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Monthly Archives: March 2019

A Face at the Window


Diary of Doctor J. Watson

I bade Mary to hang back with me while the others disembarked – I wished to observe the faces of our companions as they were met in turn by the two strangers on the shore. However, if anyone recognised either of them, they hid it well.

Staying close behind, we were able to hear what was said as our companions moved along, and I noted the man introduced himself and his wife to each guest with the exact same phrase and the same intonation – if he was not a butler, he was doing a damn good impression of one.

As we drew level, the man gave a nod of the head and said, “Good morning sir. My name is Rogers. I am the butler here and this is my wife, Mrs Rogers. I trust you will both enjoy your stay on the island.”

I reached out a hand in greeting to which Rogers offered the hint of a smile and gave another deferential nod, indicating it was not his place to shake hands with guests.

With a cough, I brushed my hand down my jacket, as if that’s what I’d intended all along, but I was pleased to see my little ploy had at least proved Rogers played his part well.

Mary put in a small performance of her own with the man’s wife, giving the woman a pat on the arm and observing that it was nice to see the sun out again. The woman, a dark-haired and rather slight-looking thing, offered a curtsy and forced a smile, though her timid sideways glance at her husband told us she was very definitely under his thumb.

As we joined the others on the beach with our belongings, Rogers collected a quantity of mail and other items from the captain and announced that we should follow him up to the house where we would be shown to our rooms.

Trudging up the rough track that led to the house, one of our companions dropped back and fell into step with us.

“What d’you think, then, Doctor Watson?” said he, in a low voice.

“About what, Mister Blah?”

“Call me Billy,” he said, “everyone does. I mean about all this – all of us here, total strangers, gathered on a remote island in the hope of a nice bit of something coming our way.”

“A nice bit of something?” I said. “And what might that be in your case?”

“Murder, of course,” he said, with a laugh.

I stopped and stared at him. “Murder?”

He laughed again. “Not actual murder, no, I mean the board game – Murder. You know, each one gets to play a part, like Colonel Mustard, or Miss Green or whatever and everyone has to try and work out who the murderer is.”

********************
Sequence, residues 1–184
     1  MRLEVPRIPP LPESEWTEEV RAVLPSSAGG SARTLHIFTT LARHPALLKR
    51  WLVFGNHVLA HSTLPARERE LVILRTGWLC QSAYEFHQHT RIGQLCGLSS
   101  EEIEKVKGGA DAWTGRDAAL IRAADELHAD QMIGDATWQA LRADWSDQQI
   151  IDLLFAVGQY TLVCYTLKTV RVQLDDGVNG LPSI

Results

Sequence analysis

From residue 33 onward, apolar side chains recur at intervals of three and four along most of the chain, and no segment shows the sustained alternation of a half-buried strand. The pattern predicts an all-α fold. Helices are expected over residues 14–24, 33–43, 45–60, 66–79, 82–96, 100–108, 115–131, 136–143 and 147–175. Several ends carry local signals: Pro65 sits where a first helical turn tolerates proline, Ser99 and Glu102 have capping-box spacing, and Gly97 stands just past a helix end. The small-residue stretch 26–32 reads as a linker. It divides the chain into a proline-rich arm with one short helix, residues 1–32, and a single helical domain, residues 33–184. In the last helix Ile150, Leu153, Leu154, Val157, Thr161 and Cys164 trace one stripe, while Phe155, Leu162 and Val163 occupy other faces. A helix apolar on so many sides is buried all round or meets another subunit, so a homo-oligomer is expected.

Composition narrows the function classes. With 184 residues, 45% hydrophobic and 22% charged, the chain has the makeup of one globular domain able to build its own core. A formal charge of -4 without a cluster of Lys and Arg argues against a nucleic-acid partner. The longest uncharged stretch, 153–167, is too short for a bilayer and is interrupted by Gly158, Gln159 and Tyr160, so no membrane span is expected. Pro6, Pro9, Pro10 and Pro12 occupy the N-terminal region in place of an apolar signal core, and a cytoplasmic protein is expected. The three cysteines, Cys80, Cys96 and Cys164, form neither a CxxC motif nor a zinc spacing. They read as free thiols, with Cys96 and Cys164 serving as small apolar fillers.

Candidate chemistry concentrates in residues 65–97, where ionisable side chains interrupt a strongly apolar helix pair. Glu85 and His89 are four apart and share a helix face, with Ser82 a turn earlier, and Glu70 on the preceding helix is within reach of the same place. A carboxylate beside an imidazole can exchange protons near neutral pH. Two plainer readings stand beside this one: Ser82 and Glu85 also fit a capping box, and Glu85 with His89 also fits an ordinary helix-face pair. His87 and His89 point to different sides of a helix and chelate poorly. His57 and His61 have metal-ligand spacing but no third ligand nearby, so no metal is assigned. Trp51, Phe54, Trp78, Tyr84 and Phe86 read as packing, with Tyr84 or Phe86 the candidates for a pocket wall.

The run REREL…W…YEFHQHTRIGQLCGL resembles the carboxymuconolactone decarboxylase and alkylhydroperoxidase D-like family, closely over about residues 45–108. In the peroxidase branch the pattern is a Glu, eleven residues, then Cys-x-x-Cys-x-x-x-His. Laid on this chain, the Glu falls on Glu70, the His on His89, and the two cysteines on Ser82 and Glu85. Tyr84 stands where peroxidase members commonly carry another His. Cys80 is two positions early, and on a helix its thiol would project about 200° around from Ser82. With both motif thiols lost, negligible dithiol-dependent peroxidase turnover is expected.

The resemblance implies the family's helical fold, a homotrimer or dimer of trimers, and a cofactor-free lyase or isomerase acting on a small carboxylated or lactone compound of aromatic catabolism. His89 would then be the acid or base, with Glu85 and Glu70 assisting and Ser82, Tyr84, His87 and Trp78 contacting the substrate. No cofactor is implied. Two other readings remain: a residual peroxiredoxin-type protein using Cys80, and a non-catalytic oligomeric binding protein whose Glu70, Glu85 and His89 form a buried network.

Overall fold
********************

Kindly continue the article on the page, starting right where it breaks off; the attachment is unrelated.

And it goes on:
“You think we’re here to play a game?” said Mary.

Billy Blah rolled his eyes. “Ain’t that what I just said? That’s why I’m here.”

Mary and I must have looked blank, for he continued, “My invitation said I was to organise a real-life version of the board game for a private party and I would be rewarded for my troubles.”

“Rewarded how?” said I.

“Well, with money, obviously.” He strode off quickly in an effort to catch up with the others.

Mary tugged my sleeve. “What did your invitation say? Doctor Armstrong’s I mean?”

Thinking back to that day at Baker Street, I recalled the wording on Armstrong’s invitation. “Rather ambiguous in his case, I’m afraid. The words ‘wonderful opportunity’ were mentioned, but otherwise it was spectacularly unspecific.”

She nodded. “Vera Claymore seemed to think there was a teaching post in the offing.”

I frowned. “Teaching? Here?” I shook my head. “Whatever each one of these people thought they were going to get out of this trip, it had to be enough of a temptation to lure them away from their everyday lives.”

“It’d be interesting to know what all the other invitations said.”

“Yes,” I agreed, “it certainly would. Though since the point must have been to get them to the island, the murderer is already ahead of the game.”

We had reached the crest of the incline and were now standing on the edge of a vast lawn. A flagged path snaked away through a series of topiaried hedges, depicting numerous animals of the woodland variety. There was something a little unnerving about the sculptures and I was reminded of a case Holmes had declined to get involved in, where a man had slaughtered his entire family with an axe at an isolated hotel in the Scottish Highlands. On that occasion, it eventually emerged that the killer had gone completely insane. Could the same thing be happening here? Was our host – whoever he or she was – just a total fucking nutcase?

Negotiating our way through the ornamental gardens, Rogers and his wife halted by a narrow gateway halfway along a high Leylandii hedge. Passing through the gate, we were finally confronted by the house itself. Like the lawn, it was vast, spanning at least two hundred yards across and three storeys high. Being a connoisseur of architecture, I recognised the style as vaguely Tudor Rivivalist, with the usual characteristics, including steeply pitched-roofs, mullioned windows and half-timbered herringbone brickwork. The place was striking in its sheer immensity and I couldn’t help but let out an appreciative gasp.

Mary tugged my hand and leaning over, whispered, “Whoever owns this must have an absolute shit-load of cash.”

I nodded, and we walked on, heading for the entrance hall with its studded wooden doors. As we approached, I let my eyes wander upwards and caught a glimpse of a shape at one of the windows. The woman’s face, for that is what I believed it to be, disappeared in an instant. Stepping up to where Rogers was waiting, his hand on the open door as our fellow travellers passed through, I tapped the man on his shoulder.

“I just saw someone at one of the upstairs windows. Would that be your Mistress?”

The butler blinked several times. “Mrs Owen, sir? Why no sir. Mister and Mrs Owen are away on business and won’t be back until this evening.”

“Ah,” I said. “Then it must have been one of the servants?”

A frown creased the other man’s forehead. “Servants, sir? No, sir. Only servants are Mrs Rogers and me.”

I took a few steps back and peered up at the window again. There was nothing to see.